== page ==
All wrapped up: how Emirates is keeping its parked jets safe

The airline has nearly 200 jets from its multibillion dollar fleet on the ground in Dubai

Almost every country in the world has enforced a Covid-19 travel restriction of some description which means there are now a lot of planes grounded across the globe.

Emirates has the world's largest wide-body fleet meaning the Dubai airline had its work cut out when passenger flights in the UAE were suspended on March 24.

The Dubai airline initially parked up 218 of its 270 fleet. The A380s and 777s were split between Dubai World Central, where 117 jets were sent, and Dubai International Airport, which took 101 of the wide-body fleet.

Once parked, every engine, wheel and tail had to be covered by Emirates crew, an operation that took 15,500 hours of work.

"While a narrow-body aircraft only requires around 3-4 employees working for eight hours or so to cover it, our aircraft need 4-6 employees working a 12-hour shift. And taking extra precautions while maintaining social distancing adds its own interesting twist to the proceedings," said Ahmed Safa, senior vice president of engineering at Emirates.

In normal times, Emirates wraps any aircraft taken out of service for longer  than 48 hours. It's unusual for the airline to have so many jets on the ground at one time.

The multibillion-dollar fleet is covered for protection against environmental factors like sand, dirt and water which can cause damage. The measures also stop birds and insects finding their way into the aircraft.

Cabin interiors sealed

All engines, air data probes and exhausts had to be sealed tight and there was more work to be done inside each jet.

Emirates crew had to wrap-up all seats, in-flight entertainment systems and cabin monuments. Portable water systems and fuel tanks were also given preservation treatment.

As one of the most important elements of an aircraft, the landing gear and flight control systems were greased and cleaned by engineering crew. Everything in the cockpit was switched off and all batteries disconnected. Control lever locks and window blinds were also installed.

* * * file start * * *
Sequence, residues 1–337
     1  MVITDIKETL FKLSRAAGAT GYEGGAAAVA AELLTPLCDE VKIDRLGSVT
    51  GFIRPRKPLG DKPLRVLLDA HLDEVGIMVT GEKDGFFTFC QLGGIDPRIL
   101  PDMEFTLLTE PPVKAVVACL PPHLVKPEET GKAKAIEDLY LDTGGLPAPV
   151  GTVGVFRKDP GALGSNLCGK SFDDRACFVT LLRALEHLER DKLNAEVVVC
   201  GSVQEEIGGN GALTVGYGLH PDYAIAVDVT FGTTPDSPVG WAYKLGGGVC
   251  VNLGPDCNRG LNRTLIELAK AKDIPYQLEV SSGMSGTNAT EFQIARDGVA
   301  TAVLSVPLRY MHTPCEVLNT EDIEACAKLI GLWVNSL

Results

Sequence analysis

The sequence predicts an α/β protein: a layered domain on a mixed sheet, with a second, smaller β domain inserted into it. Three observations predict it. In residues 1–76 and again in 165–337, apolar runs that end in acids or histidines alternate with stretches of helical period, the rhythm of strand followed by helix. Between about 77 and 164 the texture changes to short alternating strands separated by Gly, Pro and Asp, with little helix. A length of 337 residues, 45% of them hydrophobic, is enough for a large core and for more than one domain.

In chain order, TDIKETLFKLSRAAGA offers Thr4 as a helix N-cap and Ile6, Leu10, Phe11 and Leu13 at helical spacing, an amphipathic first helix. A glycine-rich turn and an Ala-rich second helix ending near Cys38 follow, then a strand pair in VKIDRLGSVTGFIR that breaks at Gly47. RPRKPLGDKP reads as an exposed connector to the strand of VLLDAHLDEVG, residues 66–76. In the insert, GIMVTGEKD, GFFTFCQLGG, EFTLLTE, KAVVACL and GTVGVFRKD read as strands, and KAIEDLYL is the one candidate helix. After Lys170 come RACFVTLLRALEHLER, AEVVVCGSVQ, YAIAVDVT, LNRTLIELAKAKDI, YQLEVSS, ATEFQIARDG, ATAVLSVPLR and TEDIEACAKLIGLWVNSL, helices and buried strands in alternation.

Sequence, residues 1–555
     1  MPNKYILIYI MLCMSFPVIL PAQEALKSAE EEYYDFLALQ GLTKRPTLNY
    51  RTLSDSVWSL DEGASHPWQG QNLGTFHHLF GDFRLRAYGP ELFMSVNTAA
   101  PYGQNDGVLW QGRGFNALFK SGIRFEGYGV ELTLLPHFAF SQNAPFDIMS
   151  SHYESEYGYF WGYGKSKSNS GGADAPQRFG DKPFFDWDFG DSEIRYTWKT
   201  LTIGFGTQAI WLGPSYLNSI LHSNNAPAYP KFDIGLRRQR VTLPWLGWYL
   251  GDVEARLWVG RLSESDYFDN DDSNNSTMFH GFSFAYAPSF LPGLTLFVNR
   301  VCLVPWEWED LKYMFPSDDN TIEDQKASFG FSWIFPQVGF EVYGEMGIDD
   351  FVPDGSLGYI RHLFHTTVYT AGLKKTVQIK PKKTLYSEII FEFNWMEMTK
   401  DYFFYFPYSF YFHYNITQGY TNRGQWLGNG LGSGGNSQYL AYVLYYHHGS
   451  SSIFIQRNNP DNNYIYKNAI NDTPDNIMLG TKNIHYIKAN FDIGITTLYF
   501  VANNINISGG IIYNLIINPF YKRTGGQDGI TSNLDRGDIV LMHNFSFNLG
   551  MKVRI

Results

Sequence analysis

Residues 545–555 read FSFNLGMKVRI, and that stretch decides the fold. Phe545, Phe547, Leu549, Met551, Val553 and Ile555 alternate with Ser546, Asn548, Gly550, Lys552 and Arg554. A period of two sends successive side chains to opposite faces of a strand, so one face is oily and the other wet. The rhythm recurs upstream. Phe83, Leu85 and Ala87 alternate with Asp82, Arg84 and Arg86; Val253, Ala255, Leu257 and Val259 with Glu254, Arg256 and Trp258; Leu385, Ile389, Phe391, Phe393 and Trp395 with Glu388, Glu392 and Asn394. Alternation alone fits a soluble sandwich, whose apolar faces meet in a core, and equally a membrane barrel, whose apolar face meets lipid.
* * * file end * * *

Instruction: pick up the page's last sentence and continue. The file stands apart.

An ongoing task

Once the jets are wrapped up, there's more to be done. Engineering teams complete checks on the jets every seven, 15 and 30-days. These range from simple checks like ensuring covers remain in place and looking for any damage or external leaks, to complex tests such as removing the covers to reactivate aircraft systems and turn on the engines.

The coronavirus pandemic has seen Emirates ground most of its fleet in Dubai, but it's not the first time the airline has had to carry out mass maintenance on grounded jets.

In April last year, the southern runway at Dubai International Airport was closed for 45 days which meant Emirates had to cut flights and carry out similar maintenance procedures for grounded jets.  And in 2010, when the eruptions of Iceland's Eyjafjallajökullthe caused thousands of flight cancellations around the world, Emirates deployed similar procedures.

Getting back to normal

Today, Emirates has reintroduced several flights into service to operate repatriation flights and cargo services. The airline now has 75 jets flying to destinations across its network.

When UAE authorities lift travel restrictions, it's going to be a busy time for Emirates to get its jets airborne.

One plane needs several employees to get it ready to fly, which is not something that can be done too quickly.

“We need around 4-5 dedicated employees and at least 18-24 hours to put one of our aircraft back into service," said Safa.

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11 photos showing runways around the world becoming plane parking lots

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